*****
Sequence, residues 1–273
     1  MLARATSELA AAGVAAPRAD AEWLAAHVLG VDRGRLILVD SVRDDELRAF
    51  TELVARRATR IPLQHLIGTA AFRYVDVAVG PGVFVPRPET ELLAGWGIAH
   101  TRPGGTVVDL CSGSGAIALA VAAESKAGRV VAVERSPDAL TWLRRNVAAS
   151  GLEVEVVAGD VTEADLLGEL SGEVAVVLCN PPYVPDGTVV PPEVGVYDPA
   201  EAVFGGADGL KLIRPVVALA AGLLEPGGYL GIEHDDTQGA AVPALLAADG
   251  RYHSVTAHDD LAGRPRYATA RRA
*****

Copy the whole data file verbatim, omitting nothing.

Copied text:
Sequence, residues 1–273
     1  MLARATSELA AAGVAAPRAD AEWLAAHVLG VDRGRLILVD SVRDDELRAF
    51  TELVARRATR IPLQHLIGTA AFRYVDVAVG PGVFVPRPET ELLAGWGIAH
   101  TRPGGTVVDL CSGSGAIALA VAAESKAGRV VAVERSPDAL TWLRRNVAAS
   151  GLEVEVVAGD VTEADLLGEL SGEVAVVLCN PPYVPDGTVV PPEVGVYDPA
   201  EAVFGGADGL KLIRPVVALA AGLLEPGGYL GIEHDDTQGA AVPALLAADG
   251  RYHSVTAHDD LAGRPRYATA RRA